If you’re interested in safari, you may have heard of the “Big Five,” a term big-game hunters came up with for the five most difficult African species to track and hunt on foot. Though all five species—lion, leopard, elephant, black rhinoceros, and African buffalo—are indeed big, hunters singled out these species not because of their size, but because of the danger and difficulty involved in bringing them down.
On a Thomson safari, a “hunt” for the Big Five will be with your camera and binoculars only, but they’re still a fun wish-list group of animals for any visitor to Africa. Tanzania is one of only a handful of countries with populations of all five species, so when you visit, keep an eye out for:
He’s often referred to as the king of the animals, and it’s not hard to see why. An apex predator on land, a lion does know how to purr, but that’s about all he has in common with your housecat.
Lions are a familiar sight throughout Tanzania, which is home to over 15,000 lions, about half the remaining wild population. Visitors might spot a pride sunning on the granite kopjes that dot the grasses of the Serengeti, lazily scanning the plains, like kings and queens perched atop their thrones.
Nocturnal, stealthy, and wary of humans, leopards are an elusive animal, making a sighting a rare treat for any safari-goer. The smallest of the big cats, leopards are mostly solitary creatures, and are likely to flee at the first sign of perceived danger.
Leopards are most active at night, which means most safari-goers will spot them resting during the day among the branches of the trees they use as a home base. The treetops aren’t just a leopard’s bed, they’re often also its kitchen; leopards regularly drag their kills up into the branches to keep scavengers and other predators from snatching them away.
African (Cape) Buffalo
They may look bovine, but don’t be fooled; African buffalos are powerful, quicker than they appear, and ruthless when provoked. Though there are no hard-and-fast facts on the matter, some claim that the African buffalo is the most dangerous animal to man in Africa, even more so than the hippopotamus.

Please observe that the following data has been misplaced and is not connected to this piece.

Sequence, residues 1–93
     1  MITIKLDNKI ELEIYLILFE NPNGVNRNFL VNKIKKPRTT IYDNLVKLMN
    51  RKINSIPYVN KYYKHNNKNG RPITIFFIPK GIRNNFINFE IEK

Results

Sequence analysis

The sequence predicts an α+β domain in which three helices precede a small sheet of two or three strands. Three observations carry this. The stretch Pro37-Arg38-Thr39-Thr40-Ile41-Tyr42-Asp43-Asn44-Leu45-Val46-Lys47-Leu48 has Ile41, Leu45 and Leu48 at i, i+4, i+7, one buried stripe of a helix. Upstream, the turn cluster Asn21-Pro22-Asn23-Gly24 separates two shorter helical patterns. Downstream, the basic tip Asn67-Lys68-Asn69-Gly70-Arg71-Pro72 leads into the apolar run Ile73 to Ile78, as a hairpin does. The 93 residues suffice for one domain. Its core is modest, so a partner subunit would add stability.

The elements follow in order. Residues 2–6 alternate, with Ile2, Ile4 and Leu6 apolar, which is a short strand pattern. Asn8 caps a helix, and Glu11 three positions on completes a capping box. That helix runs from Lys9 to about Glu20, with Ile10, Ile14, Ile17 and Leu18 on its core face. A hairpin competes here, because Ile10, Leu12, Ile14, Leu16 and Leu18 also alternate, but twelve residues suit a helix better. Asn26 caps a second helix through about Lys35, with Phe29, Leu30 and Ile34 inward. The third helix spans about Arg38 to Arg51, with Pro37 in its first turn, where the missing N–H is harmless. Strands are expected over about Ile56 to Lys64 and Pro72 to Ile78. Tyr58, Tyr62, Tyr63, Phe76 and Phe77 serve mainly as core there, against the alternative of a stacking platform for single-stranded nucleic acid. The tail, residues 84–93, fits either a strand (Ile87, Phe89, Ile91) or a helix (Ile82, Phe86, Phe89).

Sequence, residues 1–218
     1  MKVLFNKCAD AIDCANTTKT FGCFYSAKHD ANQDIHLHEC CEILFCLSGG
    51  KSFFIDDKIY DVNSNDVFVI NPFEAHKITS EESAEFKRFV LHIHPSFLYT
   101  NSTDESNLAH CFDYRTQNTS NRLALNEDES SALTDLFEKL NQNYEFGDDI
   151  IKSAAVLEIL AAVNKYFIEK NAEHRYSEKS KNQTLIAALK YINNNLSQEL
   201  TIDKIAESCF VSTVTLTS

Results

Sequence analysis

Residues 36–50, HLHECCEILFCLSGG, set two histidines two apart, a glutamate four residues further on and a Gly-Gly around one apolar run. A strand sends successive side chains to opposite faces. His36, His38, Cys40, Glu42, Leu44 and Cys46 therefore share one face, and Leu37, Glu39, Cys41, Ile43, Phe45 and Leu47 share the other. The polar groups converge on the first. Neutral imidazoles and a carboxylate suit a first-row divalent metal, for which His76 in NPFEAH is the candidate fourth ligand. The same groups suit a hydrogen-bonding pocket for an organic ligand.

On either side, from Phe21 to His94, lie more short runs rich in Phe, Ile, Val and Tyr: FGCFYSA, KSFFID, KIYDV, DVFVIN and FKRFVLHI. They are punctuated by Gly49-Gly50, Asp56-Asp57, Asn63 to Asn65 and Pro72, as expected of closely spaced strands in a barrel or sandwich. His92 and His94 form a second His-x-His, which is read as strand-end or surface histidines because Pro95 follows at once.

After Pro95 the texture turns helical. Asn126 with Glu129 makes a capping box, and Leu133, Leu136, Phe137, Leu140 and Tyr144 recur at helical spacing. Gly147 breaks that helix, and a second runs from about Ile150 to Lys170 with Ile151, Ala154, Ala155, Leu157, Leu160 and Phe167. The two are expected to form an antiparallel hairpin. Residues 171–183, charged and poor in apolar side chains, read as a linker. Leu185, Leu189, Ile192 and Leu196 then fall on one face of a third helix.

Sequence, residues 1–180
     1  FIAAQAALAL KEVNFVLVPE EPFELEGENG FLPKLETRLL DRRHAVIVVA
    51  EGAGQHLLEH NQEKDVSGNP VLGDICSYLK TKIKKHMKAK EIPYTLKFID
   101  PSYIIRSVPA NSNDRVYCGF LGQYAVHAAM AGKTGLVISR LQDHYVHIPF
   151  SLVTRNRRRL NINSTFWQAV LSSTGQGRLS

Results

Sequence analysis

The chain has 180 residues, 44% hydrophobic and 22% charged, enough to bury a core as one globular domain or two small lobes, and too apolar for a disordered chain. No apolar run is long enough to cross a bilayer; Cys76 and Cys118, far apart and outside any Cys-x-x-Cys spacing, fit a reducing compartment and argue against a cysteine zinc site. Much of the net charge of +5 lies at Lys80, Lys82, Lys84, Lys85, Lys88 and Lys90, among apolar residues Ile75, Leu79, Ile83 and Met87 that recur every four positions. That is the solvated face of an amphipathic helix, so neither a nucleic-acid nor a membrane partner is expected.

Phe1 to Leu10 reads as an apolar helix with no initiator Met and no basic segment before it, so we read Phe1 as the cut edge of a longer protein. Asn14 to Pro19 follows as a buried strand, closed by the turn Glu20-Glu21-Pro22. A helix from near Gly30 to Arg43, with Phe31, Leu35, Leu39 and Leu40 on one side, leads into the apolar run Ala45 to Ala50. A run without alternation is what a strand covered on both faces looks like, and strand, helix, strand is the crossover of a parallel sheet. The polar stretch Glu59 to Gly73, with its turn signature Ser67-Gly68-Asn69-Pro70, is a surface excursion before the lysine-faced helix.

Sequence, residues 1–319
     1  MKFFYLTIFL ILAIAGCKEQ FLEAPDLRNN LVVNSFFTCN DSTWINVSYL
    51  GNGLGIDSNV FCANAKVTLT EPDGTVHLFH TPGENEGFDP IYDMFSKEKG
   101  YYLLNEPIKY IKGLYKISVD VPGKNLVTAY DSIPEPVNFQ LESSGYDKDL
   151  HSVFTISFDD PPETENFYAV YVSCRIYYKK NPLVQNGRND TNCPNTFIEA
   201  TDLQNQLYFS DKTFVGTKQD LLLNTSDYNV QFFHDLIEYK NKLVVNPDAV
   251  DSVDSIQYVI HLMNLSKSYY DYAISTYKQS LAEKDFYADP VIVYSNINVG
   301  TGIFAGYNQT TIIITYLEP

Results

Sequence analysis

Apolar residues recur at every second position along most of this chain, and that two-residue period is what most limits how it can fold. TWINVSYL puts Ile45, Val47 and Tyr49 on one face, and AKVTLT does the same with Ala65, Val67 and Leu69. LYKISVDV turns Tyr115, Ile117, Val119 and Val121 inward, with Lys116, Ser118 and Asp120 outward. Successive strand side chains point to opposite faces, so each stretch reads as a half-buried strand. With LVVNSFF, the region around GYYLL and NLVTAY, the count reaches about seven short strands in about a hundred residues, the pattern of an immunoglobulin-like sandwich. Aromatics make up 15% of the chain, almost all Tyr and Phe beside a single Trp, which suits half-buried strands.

Part of the reason for that is the buffalo’s extremely thick skull. Curving horns completely cover the top of the animal’s head, forming a near-impenetrable bone shield that can even deflect bullets. Because of this, and the buffalo’s large size (males can weigh up to 2,000 pounds), most predators won’t attempt to take down an adult African buffalo alone.
Massive, solitary, and horned, a black rhinoceros wandering the African plains looks almost prehistoric, a creature from some ancient, vanished past.
If conservation efforts don’t work, the black rhinoceros might vanish, too; critically endangered due to poaching (their horns, made of keratin protein such as that found in fingernails and hair, fetch high prices on the black market), only a handful of black rhinos remain in the wild. Though they’re notorious for their aggression—black rhinos have been known to charge termite mounds—too few remain to pose a significant threat to nearby human populations.
The largest living land mammal, elephants are a truly unforgettable safari sight, especially when you spot them traveling in a large family herd.
They’re not only the largest animal you’ll spot on safari, elephants are likely one of the smartest. Scientists have observed complex familial relationships between elephant families, and they seem to show empathy, self-awareness (even recognizing themselves in mirrors), and of course, famously long memories, both for other animals and for their surroundings. Elephants have even been known to mourn relatives who die, visiting their gravesites regularly over the years, and showing special interest in elephant bones, even if they didn’t know the animal. All this has led some scientists to compare their intelligence to primates and dolphins.